But paradoxically, the threat and menace of the bees occasionally helped our guests. It was our philosophy here that we always worked alongside each other, chopping logs or weeding the polytunnel or whatever, because it was invariably during manual labour that the deep conversations somehow happened. One morning I had to look at the bees, but one of our guests was having a serious panic attack. Graham was scratching at his face, saying “going to die” over and over again. As usual when these things happen, I just took him along with me so we could work together, forgetting that I was about to open up a hive. He stood there, bees flying around his curly hair in the midst of his panic attack and he actually calmed down. I saw him at one point with his arms outstretched, grinning at the energy of the beasts circling around him. “It was”, he told me later, “like the real but minor threat replaced a vague, terrifying one.” Because there was a concrete scare, he had paradoxically found some serenity.
The years went by and we never got any honey. But in a way, taking honey wasn’t the point of keeping bees. It was about pollination for our little orchard, it was a chance to spend time with my father, an opportunity – in a chaotic community – to go somewhere people couldn’t follow. There were other by-products, too: from the wax we made candles for our shelters and polish for our carpentry projects.
And I slowly remembered, or was reminded, that actually it had taken decades for my father to learn his craft. I remembered that when we were growing up he would often have swollen, itchy forearms where the blighters had stung him. He jokingly reminded me all the mistakes he had made over the years, such as the time he tried to mark the precious queen (putting a dot of paint on her thorax) but had actually pressed the queen cage too hard and killed her. There had been plenty of mishaps in his beekeeping career: I still remember the first time I saw him vulnerable, with his head in his hands in the changing rooms of a swimming pool after a swarm had got inside his veil and repeatedly stung him. He too had had his battles with bees.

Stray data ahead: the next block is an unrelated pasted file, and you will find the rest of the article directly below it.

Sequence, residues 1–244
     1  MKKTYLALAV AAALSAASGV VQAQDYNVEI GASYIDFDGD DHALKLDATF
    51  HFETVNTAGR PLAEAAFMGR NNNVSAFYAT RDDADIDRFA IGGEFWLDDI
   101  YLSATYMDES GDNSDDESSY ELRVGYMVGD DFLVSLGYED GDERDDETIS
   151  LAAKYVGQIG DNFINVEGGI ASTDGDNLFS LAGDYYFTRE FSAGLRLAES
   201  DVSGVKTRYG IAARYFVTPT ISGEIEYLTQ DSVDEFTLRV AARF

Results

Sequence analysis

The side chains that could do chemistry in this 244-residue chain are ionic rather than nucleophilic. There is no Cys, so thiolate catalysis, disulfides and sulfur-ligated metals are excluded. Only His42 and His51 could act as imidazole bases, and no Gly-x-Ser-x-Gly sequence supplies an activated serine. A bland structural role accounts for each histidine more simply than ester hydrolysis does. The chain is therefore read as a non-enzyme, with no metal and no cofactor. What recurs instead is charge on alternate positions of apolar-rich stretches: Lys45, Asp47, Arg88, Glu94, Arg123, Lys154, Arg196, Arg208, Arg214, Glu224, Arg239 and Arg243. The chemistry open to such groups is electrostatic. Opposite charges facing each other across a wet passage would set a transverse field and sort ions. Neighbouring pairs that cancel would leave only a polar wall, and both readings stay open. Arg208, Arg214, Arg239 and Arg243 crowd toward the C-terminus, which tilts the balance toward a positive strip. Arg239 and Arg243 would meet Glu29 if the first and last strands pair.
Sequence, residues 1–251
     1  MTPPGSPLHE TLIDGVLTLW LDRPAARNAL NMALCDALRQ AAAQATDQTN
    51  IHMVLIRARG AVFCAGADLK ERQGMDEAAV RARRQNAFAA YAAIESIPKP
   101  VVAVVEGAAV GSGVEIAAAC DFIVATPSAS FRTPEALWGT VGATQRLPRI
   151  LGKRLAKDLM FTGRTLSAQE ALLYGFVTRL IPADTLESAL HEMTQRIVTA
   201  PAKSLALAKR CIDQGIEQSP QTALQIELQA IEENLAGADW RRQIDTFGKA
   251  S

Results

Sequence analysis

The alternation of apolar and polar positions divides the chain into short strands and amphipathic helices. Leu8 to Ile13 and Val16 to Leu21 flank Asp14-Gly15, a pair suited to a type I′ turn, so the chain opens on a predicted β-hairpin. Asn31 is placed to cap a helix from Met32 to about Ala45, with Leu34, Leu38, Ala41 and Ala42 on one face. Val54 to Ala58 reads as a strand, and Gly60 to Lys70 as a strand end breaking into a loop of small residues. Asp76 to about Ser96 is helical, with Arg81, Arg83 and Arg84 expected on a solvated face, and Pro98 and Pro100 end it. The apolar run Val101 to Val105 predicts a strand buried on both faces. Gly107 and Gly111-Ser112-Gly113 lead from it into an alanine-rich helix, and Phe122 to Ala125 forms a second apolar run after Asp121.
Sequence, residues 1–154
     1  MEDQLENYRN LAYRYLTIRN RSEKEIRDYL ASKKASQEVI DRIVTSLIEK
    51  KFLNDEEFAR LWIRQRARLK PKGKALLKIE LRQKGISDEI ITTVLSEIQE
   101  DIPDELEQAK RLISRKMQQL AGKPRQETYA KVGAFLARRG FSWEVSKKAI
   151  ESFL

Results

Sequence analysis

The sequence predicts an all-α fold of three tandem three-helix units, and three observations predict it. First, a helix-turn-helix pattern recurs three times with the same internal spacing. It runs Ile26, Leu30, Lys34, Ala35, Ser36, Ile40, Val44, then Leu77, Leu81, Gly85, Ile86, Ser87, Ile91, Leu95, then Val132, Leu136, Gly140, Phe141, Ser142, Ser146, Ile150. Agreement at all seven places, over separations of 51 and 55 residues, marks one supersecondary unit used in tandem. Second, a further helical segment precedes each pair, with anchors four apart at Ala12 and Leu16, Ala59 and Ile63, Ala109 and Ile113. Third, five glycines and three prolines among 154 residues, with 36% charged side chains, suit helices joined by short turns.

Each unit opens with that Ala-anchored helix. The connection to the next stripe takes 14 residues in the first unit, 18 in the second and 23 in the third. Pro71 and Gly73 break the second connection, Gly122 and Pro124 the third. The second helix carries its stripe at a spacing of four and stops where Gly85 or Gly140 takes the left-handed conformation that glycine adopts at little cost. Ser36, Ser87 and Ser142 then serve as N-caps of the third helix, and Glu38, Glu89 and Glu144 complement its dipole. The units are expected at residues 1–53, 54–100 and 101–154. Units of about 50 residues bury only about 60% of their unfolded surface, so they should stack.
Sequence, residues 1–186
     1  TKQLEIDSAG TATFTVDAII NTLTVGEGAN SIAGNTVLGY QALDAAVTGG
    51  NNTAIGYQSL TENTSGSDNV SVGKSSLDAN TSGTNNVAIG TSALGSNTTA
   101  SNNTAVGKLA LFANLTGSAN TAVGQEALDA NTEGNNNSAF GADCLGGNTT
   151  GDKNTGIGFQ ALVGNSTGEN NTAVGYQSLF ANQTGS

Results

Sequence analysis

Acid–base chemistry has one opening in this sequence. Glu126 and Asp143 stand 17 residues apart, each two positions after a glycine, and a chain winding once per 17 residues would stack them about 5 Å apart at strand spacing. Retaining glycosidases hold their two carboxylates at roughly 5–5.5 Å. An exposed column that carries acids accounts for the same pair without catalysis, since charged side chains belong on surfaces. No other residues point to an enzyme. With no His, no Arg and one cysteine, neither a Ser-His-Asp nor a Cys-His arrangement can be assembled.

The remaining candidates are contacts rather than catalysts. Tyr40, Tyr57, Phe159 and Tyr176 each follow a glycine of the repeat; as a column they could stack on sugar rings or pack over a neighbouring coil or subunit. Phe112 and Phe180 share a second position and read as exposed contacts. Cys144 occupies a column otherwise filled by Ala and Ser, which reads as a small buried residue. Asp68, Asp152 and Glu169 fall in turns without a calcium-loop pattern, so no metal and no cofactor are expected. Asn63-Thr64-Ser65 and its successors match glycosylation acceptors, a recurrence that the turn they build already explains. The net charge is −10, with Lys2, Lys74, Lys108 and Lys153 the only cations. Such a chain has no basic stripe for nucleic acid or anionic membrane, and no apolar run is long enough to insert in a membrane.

I was gradually becoming more competent. I began to acquire, I think, that cool curiosity about the bees’ unpredictable behaviour, going through the hives not on edge, but simply fascinated. What are they doing now, and why? It was almost as if my softer approach had made them more compliant, and somehow more cooperative. When I looked through the hives now, the bees seemed more gentle because, perhaps, I was too. Near their hives I sowed all sorts of plants I knew they liked – broad beans, borage and so on.
And then, finally, last summer the brood chamber was chocker with bees and brood. I put on the queen excluder and a super (the shallower chamber where they put their stores of honey). By mid-June, when I lifted off the super to inspect below, it was as heavy as a bucket of water: all those tiny hexagons had been filled with honey, and capped with wax. I put on another super and that, too, slowly filled through June and July. At the end of the summer I took them round to my parents’ place, the same house where I grew up.
We took the uncapping fork and scraped off those wax cappings, and then placed the frames inside a stainless steel extractor about the size of an oil drum. We then turned a handle which spun the frames around, flinging honey against the side of the extractor. It sounded like hundreds of fingernails tapping a window as the tiny splats of honey hit the inside wall. We let it settle in the “ripener”, for the bubbles to disappear, and then opened the tap at the bottom and honey glugged into the jars like some sort of translucent snake.
Seeing those 40-odd jars stacked safely under the stairs was a bit like seeing stores full of logs. They exuded a sense of hard-won abundance. They seemed to suggest that we would be safe for another year; and that, for all my doubts, I was up to the immense challenge of looking after our experimental community.
More than that, they seemed to say that I wasn’t just a keeper at last, but also somehow kept: that I was being looked after too.
Honey had never tasted so good.
Tobias Jones’s book about his woodland community, A Place of Refuge, has just been published by Quercus